2008 – I was making a few sales calls on commercial roofing companies one day and happened to stop at a well established roofing company which had been in business for many years. I was welcomed right into the owner’s office and hanging on a wall plaque was a rusty 10″ bolt. He said, “That is my million dollar bolt.” He explained to me that his company was contracted to re-roof an old building and that bolt must had been left laying up on a steel beam years ago. In the middle of the project that bolt was shaken loose and fell into a very expensive piece of machinery and the repairs cost him and his insurance company one million dollars! He told me the rusty bolt reminds him that every job his company bid from then on a Temporary Interior Protection System was offered.
2009 – I was called last minute by a commercial roofing company. I arrived to find existing dust was falling into the production area of a company which produced paper container products – hot dog wrappers, nacho cups, fancy cupcake cups, etc. Evidently, when the roofing company started to load the roof the entire roof was shaking due to the movement back and forth of the equipment and workers. It literally started snowing black dust on the inside of this building and all 30 employees walked out immediately. Who knows what contaminants remained up there from years ago by previous businesses? That re-roofing project was placed on hold until the under deck suspended ceiling cover was installed.
2010 – A Facilities Engineer at a very large food manufacturer, with multiple locations, told me the story of how they used to deal with re-roofing projects before they found Interior Protection. They started in January to plan, schedule, and bid the project so that in the spring they could shut down production on weekends to complete the re-roofing needed over the next few months. Their maintenance crew would have to drape and cover equipment on Friday nights. The roofing crew would have to work weekends, and then on Sunday nights the inside cleaning crew would work all through the night to get the plant ready to run production again Monday morning. This was very costly because of the overtime needed every weekend until the project was complete. A savvy roofing contractor looking to win the business introduced them to the idea of Interior Protection and now – no project is commenced without a Temporary Interior Protection System installed first. The roofing crew now works weekdays and the plant keeps producing without interruptions – all at the same time. Later, after the re-roofing job is complete the Interior Protection company returns and very carefully takes down all the suspended ceiling containment being very careful not to spill any of the captured debris.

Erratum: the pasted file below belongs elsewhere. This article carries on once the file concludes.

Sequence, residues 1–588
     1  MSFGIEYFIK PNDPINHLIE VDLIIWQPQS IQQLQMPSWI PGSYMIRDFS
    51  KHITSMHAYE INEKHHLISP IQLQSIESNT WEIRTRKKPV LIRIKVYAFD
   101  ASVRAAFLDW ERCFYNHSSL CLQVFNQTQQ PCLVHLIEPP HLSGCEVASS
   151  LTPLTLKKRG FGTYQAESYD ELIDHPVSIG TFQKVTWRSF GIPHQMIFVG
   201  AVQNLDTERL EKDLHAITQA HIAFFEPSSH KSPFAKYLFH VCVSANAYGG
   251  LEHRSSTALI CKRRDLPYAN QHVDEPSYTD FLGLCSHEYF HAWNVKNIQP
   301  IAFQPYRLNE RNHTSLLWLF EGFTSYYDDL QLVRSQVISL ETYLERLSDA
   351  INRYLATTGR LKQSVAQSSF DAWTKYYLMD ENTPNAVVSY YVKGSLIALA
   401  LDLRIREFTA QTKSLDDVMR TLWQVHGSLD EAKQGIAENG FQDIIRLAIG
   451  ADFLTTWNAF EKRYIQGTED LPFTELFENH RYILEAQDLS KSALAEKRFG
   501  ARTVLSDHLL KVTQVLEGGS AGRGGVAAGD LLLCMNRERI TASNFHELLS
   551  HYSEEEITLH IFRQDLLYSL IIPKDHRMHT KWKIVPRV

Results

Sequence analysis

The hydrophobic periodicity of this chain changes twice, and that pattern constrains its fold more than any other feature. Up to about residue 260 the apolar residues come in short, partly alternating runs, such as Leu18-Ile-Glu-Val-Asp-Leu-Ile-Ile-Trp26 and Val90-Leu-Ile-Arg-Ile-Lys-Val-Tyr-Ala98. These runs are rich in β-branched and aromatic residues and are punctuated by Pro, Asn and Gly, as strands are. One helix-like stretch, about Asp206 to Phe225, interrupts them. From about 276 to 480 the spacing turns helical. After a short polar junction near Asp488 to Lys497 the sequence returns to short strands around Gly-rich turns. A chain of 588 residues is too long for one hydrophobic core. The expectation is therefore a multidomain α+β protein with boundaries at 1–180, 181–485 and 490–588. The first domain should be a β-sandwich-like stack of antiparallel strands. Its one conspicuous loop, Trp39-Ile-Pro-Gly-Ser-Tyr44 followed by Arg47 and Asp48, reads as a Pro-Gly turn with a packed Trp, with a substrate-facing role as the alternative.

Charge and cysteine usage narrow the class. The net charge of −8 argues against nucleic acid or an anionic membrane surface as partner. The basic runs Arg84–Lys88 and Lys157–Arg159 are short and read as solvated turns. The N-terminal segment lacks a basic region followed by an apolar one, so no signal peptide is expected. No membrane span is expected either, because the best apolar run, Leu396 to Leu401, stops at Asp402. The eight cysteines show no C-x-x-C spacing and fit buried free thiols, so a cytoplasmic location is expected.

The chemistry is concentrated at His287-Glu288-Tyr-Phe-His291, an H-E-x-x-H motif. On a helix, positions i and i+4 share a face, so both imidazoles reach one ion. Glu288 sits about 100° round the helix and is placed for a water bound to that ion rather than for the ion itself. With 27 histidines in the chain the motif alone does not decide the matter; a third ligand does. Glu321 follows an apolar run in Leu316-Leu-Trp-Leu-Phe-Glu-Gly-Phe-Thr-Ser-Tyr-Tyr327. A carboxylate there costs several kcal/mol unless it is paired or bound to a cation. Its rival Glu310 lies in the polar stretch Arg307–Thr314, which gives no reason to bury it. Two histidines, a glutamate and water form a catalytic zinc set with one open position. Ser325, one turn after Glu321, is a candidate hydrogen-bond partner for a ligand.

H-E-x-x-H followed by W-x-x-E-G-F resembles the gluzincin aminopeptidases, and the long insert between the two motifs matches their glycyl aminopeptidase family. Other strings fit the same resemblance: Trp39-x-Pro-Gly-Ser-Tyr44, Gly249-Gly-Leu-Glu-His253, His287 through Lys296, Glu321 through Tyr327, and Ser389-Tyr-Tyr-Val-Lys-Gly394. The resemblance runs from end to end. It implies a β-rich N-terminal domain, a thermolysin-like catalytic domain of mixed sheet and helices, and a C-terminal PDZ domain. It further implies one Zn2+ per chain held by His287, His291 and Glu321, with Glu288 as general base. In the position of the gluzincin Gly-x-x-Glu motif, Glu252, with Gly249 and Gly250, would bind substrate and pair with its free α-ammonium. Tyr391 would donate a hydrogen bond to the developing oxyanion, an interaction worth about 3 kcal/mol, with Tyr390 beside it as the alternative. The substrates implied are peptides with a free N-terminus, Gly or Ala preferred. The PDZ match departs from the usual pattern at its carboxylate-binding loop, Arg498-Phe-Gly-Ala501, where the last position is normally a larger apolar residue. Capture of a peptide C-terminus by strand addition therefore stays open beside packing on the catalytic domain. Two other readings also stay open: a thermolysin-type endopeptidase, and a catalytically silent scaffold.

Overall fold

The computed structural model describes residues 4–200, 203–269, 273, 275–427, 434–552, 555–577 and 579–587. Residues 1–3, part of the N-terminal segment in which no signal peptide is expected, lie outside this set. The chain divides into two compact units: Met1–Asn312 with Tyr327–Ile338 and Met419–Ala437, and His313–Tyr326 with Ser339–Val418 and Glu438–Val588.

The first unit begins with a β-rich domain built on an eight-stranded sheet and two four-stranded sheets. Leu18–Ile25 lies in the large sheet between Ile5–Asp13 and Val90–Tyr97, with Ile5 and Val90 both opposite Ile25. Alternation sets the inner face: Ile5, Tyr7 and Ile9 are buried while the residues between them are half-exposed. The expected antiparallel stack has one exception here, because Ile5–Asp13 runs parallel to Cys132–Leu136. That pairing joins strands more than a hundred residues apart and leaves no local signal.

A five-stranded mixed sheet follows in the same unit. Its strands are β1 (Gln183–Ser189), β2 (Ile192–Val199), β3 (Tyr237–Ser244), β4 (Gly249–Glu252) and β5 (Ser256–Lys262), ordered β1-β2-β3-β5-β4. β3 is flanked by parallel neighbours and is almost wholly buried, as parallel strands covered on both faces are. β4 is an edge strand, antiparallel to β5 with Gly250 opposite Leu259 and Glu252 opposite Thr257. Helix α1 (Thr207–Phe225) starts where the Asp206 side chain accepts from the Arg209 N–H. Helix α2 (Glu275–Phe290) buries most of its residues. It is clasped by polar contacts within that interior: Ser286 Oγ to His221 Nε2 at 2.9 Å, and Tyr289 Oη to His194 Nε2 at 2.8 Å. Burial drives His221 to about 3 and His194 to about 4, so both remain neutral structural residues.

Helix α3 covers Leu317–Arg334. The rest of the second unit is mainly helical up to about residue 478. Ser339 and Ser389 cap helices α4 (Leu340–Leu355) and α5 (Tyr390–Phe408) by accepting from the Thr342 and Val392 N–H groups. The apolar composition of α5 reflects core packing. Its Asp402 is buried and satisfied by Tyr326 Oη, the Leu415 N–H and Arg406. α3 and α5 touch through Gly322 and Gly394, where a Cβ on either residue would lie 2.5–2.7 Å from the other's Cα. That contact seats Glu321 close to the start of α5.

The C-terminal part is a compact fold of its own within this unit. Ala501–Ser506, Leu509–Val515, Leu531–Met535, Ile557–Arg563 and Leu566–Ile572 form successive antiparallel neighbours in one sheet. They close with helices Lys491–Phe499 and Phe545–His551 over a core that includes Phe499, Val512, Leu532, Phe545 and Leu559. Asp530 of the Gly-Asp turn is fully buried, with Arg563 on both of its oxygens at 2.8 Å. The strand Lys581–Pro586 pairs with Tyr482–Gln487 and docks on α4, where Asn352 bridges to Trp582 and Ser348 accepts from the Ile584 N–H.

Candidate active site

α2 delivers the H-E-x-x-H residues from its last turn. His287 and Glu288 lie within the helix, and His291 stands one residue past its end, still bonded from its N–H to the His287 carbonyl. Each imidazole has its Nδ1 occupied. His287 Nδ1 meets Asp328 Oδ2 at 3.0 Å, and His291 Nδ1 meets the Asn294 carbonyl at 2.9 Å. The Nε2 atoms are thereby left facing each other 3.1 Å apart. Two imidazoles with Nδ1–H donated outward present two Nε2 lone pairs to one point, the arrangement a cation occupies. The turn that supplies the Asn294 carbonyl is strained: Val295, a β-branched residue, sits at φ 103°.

Have you asked if your clients can afford to shut down or close during this re-roofing project you are bidding? What about a product recall, a bashing in the press of their product name and brand ID which they have built over the years – all caused by re-roofing contamination? In addition, read the fine print on your contract, if you cause a shutdown of production lines due to debris from your re-roofing project it just may cost you and your insurance company an exorbitant amount of money! All this can be avoided by training your sales team to ask one more question.
Here’s an idea, try this next time you are speaking to your attorney, your insurance agent, or your accountant…. Educate them about what Interior Protection is – talk about the issues and risks of falling Dust & Debris, then ask for their professional opinion. Ask if it’s a good idea to include this option, to attach a separate bid proposal, or include an allowance for Interior Protection. Ask if they think it is a good idea to partner with an experienced and reputable Interior Protection company and start asking more questions such as, “Are we going to recommend Interior Protection for this customer?” “What added risks are we taking and what could it cost us if we do not?”
I am of the opinion that if you start educating your clients about the benefits of a Temporary Interior Protections System you will be awarded more of those big projects and you may not even be the low bidder.